Today is the last day of World Breastfeeding Week. Without doubt, breastfeeding has been the hardest part of becoming a parent for me. I’m not going to detail all the issues, because frankly I can’t be bothered, but in brief – tongue tie, nipple shields, expressing, top ups, hospital trips. But as I look down at my little one, snoozing on the boob and sleep smiling to herself, I don’t regret my decision. But it’s not always an easy decision to make.
Two months ago, my life changed immeasurably. A new person joined our family, and we became parents to a tiny Spud. It’s been quite the emotional whirlwind, and I’m not really sure I’m ready to process it yet. But she’s asleep on my chest, and I’ve my laptop balanced precariously on my knees, so here goes.
This time last year, I was stuck in Belfast, at the mercy of Sneachtageddon, writing about daffodils – and, like many others who campaigned for Repeal, I was looking forward to May with a mixture of trepidation and hope. Today, it’s unseasonably warm out – although it did just start raining – and I’m once again looking forward to May with a mixture of trepidation and hope. But this year, it’s because I’ve to finish building a new person in the next two months – and in May will be faced with the terrifying task of naming them (as well as the whole pushing a rugby ball sized thing from my vagina, but let’s not think about that too much right now). But I also have bodily autonomy, and that’s pretty amazing too.
So it’s the first day of 2019, which tends to be a time for reflection and introspection – looking back at the achievements of the old year and looking forward to the new. But frankly, I am *done* with thinking about 2018 and talking about abortion. SO DONE.
(If you really want to read some of my thoughts on the campaign/abortion, they’re here; but I’d recommend reading this wonderful piece written by Mary Coogan instead. It says what I would better than I ever could. You’re welcome.)
Instead you’re getting part 2 of why Dumbledore is a shitty teacher and doesn’t do anything meaningful to help oppressed and marginalised people. Buckle up folks, it’s going to be a wild ride.
I have other things to be writing today. I have more thoughts about Dumbledore – even after the shitshow that was the new Fantastic Beasts film. There’s an essay I need to write to get another scholarship cheque, and I’ve programs to write up for work, and y’know a masters dissertation to write at some point. But today, I am too angry to write any of that. Because the Dáil is debating Ireland’s post-referendum abortion legislation. So, brace yourself folks, it’s time for another abortion rant. Specially, about how very DONE I am with politicians. Particularly, Simon Harris.
I have complex feelings today.
In truth, I have complex feelings most days. But today, and all this week, I have had complex feelings about being British. Monday was November 5th – Bonfire Night – and today is November 11th – Armistice Day, and the centenary of the end of World War One. So, for a Brit living in Ireland, with 139 days until Brexit apparently becomes a reality, it’s a day for complex feelings.
[NB: writing this, I’ve ended up scribbling a LOT more than I thought I would, so this is probably going to be written in several parts.]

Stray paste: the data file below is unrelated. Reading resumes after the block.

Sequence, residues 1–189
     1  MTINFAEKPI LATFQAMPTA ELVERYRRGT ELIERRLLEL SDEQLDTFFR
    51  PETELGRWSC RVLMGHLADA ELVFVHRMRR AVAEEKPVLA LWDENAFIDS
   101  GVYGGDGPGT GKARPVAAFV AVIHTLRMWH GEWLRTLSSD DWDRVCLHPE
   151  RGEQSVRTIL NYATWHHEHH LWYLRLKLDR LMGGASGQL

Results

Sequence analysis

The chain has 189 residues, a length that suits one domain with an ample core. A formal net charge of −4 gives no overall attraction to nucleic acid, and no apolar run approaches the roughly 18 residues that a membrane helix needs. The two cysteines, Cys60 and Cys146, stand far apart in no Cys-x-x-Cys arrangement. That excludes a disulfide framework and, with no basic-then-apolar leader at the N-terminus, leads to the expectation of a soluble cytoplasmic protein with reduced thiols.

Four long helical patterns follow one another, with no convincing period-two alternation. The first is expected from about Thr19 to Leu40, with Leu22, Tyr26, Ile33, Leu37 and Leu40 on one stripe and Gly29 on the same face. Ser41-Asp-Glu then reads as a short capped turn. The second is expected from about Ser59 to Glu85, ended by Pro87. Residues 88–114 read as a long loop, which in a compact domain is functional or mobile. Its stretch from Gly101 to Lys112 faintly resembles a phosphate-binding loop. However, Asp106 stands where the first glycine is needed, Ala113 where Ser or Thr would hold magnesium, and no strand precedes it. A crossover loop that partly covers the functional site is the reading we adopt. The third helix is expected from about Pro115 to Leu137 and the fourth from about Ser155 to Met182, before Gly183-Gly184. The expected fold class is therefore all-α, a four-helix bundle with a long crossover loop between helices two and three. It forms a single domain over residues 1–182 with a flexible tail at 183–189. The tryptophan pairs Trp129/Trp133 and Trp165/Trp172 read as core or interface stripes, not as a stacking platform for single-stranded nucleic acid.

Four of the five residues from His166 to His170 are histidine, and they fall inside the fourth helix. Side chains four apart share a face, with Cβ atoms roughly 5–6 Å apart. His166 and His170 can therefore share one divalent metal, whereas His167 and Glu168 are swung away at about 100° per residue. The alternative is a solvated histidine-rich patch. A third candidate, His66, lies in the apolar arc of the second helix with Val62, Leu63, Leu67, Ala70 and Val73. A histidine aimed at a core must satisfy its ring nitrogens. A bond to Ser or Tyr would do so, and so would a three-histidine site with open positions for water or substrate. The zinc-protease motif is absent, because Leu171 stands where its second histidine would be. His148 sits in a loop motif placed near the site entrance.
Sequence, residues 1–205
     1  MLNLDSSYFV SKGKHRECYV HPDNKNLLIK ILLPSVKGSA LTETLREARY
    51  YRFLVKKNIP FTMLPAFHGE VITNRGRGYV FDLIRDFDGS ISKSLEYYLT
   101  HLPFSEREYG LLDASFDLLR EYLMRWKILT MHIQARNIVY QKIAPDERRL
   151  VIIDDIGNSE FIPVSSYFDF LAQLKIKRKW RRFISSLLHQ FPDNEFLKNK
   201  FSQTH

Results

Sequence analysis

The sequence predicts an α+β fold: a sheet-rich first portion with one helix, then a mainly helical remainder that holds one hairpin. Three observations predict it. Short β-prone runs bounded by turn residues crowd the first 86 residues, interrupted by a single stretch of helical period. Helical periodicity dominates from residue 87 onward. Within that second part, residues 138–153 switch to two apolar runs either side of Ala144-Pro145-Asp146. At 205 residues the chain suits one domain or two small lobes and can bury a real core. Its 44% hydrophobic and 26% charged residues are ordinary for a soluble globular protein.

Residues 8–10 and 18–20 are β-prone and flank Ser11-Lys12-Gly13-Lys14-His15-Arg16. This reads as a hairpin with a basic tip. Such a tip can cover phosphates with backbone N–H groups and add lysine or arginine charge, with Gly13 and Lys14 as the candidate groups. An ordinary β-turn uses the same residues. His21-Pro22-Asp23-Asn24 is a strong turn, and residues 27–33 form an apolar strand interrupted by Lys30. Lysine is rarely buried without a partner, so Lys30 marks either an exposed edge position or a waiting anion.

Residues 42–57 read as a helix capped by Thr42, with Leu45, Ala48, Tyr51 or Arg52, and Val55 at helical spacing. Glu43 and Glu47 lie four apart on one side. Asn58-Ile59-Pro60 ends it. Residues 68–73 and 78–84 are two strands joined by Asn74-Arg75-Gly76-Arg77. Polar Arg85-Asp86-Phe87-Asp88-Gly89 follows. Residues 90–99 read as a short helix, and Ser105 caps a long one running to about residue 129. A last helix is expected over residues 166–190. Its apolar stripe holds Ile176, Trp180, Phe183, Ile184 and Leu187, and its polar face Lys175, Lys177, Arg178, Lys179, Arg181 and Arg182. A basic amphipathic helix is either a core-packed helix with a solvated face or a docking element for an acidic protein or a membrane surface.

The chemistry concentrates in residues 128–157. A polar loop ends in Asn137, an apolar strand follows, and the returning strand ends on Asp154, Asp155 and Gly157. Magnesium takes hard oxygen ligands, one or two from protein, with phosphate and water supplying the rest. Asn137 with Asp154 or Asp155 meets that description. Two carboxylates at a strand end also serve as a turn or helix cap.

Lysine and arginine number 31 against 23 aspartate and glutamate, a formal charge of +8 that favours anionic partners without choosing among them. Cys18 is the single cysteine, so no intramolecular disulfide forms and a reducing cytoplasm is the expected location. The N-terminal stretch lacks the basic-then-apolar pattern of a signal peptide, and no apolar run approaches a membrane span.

This week I’m in Seattle – partly to catch up with old friends, and partly to attend my favourite con: GeekGirlCon. It’s exactly what it sounds like – a con focused on celebrating women and girls in geek culture and building an inclusive, welcoming, intersectional space for geeks of every gender, size, colour, shape and creed. It’s my happy place. We went to a bunch of amazing panels – Afrofuturism 101, Sappho on the Silver Screen, Breaking Stereotypes with Star Wars – and there were many more we missed. Last night, myself and himself sat around with old friends and dissected the good/bad/ugly of Star Wars (midichlorians featured heavily), with a Mon Mothma mini trapped in a gelatinous cube.
All of this reminded me how much I *love* critically engaging in geek culture. It’s something I did a lot of here in Seattle that I haven’t really continued in Dublin. I miss sitting around and talking shite about Star Wars or Doctor Who (a short skirt is not a personality trait, Moffat) – without anyone gatekeeping or getting bent out of shape.
While getting coffee yesterday, I had a minor revelation about JK Rowling and Harry Potter – and so rather than spend my morning researching the Master’s thesis I’m supposed to be writing, I’m wearing my Time-Turner and ‘Feminist Killjoy’ badge and ready to ramble about Dumbledore, bravery, wokeness and White Feminism™.
My current status: emotional whirlwind. A week after the polls have closed, I almost still can’t quite believe that we won the referendum to repeal the 8th. A landslide no less. I think it’s going to take a while for that to sink in. There has been many media/internet opinions on how the campaign was won – many, sadly not emphasising the grassroots feminist aspect, and ignoring the importance of donuts, or correctly folding t-shirts. But today, I am not going to give you another hot-take – instead, in another attempt at using writing as personal therapy, I’m going to talk about genies, ants and growing up.
I am tired. I am very tired.
I’m tired because I don’t remember the last time I had an evening off or a good night’s sleep. I’m tired because I’m not eating properly, or exercising, or taking care of myself, and my body is feeling that. I’m tired because I work a physically and emotionally demanding job. But mostly, I’m tired of asking people to give women the right to make their own decisions. I’m tired of asking people to vote Yes on Friday.
But I’m still doing it. So, for one last time, please vote YES in the referendum this Friday.